An article published in Australia’s leading general medical journal has raised serious concerns about the standard of academia with blatant evidence of bias and easily challenged claims. The article ‘The Port Arthur massacre and the National Firearms Agreement: 20 years on, what are the lessons?’ published in the May edition of The Medical Journal of Australia (MJA) lists four authors who are all affiliated with known anti-gun group, the National Coalition for Gun Control. Two of the four authors are vocal about increased restrictions on licensed firearm owners.
One author, Philip Alpers, does not even list any academic qualifications or credentials and is linked with anti-gun group Gun Control Australia (GCA), while the article itself was originally scheduled for an inappropriate release on the anniversary of the Port Arthur murders. Fellow author Rebecca Peters is known for her involvement in the International Action Network on Small Arms (IANSA), which is increasingly against civilian firearm ownership. The other accredited co-authors are Alan Rosen and Michael Dudley.
Laced with sweeping statements, figures citing cases of “mass gun killings” spanning from 1987 to 2015 actually fall under different legislation, therefore making the article an unreliable source of data. Further claims that the National Firearms Agreement (NFA) has “reduced firearm deaths, particularly suicides” are at a stretch considering the NFA predominately focused on banning self-loading longarms. The reality is self-loading firearms are not necessary for suicide given that the trigger only needs to be pulled once.
A major criticism of the article is that the authors appear to appeal to the Australian sentiment of a ‘fair go for all’ and defends those with mental health issues by stating that “screening mentally ill populations for violence risk is misguided”. At the same time, the authors target other minority groups in society by labelling them “high risk populations”. This includes, but is not limited to, children, teenagers, farmers and anyone who lives in regional communities, who have been deemed “high risk” without much supporting evidence. The hypocrisy of the article is clear: we are asked not to target specific groups such as the mentally ill when it comes to gun control measures, but in the same breath are warned that other minorities are supposedly at risk of conducting mass gun murders!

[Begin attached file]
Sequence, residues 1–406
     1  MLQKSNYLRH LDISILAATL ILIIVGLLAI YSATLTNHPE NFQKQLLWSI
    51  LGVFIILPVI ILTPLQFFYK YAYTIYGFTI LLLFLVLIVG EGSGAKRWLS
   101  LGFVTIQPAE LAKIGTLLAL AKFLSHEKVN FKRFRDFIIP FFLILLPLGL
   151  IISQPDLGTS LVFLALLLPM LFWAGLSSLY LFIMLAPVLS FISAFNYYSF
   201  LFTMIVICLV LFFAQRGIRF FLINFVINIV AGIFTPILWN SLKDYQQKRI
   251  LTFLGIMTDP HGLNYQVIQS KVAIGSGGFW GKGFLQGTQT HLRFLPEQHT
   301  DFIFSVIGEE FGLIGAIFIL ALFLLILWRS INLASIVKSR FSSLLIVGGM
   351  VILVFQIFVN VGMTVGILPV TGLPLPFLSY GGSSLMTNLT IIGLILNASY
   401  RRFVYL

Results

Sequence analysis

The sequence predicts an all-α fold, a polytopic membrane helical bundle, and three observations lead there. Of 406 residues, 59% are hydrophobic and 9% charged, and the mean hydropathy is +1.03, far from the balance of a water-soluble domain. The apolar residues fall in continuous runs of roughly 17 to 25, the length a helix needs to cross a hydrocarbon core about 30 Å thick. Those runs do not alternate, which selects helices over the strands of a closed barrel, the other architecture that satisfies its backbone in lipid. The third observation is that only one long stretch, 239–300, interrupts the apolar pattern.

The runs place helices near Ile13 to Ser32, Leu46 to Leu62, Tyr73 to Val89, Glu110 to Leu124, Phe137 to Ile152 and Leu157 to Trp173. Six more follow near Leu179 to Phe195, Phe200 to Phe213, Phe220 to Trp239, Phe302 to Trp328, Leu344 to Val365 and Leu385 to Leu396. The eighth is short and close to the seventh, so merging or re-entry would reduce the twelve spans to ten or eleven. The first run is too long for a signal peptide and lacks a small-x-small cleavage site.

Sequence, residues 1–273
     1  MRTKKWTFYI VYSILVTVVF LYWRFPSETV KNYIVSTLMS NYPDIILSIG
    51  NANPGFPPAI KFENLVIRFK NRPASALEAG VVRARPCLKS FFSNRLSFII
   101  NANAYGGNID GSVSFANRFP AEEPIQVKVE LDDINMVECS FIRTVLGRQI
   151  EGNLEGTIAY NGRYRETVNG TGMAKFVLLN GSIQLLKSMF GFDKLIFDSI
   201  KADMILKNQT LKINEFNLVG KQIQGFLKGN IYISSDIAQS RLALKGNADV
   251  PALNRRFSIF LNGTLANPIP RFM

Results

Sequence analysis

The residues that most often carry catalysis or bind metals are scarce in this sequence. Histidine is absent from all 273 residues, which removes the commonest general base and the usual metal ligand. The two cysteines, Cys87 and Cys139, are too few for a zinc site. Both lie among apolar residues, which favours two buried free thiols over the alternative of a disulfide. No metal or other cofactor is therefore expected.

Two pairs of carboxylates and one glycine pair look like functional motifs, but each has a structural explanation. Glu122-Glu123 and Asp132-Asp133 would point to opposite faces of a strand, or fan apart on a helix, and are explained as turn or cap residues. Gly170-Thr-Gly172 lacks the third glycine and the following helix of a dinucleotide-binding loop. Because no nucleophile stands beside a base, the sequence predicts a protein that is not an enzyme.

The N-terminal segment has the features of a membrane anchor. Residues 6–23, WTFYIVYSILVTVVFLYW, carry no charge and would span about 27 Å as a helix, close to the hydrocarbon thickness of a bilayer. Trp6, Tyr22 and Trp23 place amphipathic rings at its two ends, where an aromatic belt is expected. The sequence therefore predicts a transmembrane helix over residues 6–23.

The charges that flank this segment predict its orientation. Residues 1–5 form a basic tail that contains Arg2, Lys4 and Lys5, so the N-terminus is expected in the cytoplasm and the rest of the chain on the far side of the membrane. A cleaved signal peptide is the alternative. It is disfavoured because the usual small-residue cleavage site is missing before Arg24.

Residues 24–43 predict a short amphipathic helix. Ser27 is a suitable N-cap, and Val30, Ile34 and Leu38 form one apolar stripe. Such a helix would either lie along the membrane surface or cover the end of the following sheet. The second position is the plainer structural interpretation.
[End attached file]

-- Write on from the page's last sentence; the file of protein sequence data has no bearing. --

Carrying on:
While the SSAA backs mental health initiatives such as headspace youth support clinics and increased government funding in this challenging area, we must point out that some of Australia’s biggest mass murders were carried out by criminally mentally ill individuals. This includes the perpetrator of the Monash University shootings, Huan Yun Xiang, who was acquitted due to mental impairment; anti-gun campaigner Michelle Fernando’s sister, Shamin, who shot their father and was clinically diagnosed with a mental illness; and the mentally unstable arsonist Robert Long who was responsible for the Childers Palace Backpackers fires that killed 15 people.
In what can only be described as deliberate laziness to push a political point, claims that the medical community “has long supported bans for semi-automatic handguns” refers to no sources and gives no supporting evidence. The SSAA can confirm that many of our 180,000 members are doctors, nurses and healthcare professionals who historically compete in handgun competition shooting.
Finally, references to Martin Bryant as not being mentally ill during the Port Arthur murders are misguided and highly debatable. A litany of anti-social and concerning behaviour from childhood up until the murders meant he was well known to police for being mentally unstable prior to the tragedy.
The authors are unable to explain throughout their ‘academic’ article why it is appropriate to call for further restrictions on law-abiding firearm owners and other minority groups despite much supporting evidence. It is a poor excuse for a journal article and the SSAA is disappointed the MJA choose to publish the fluff piece in the first place, scribed by well-known anti-gun lobbyists.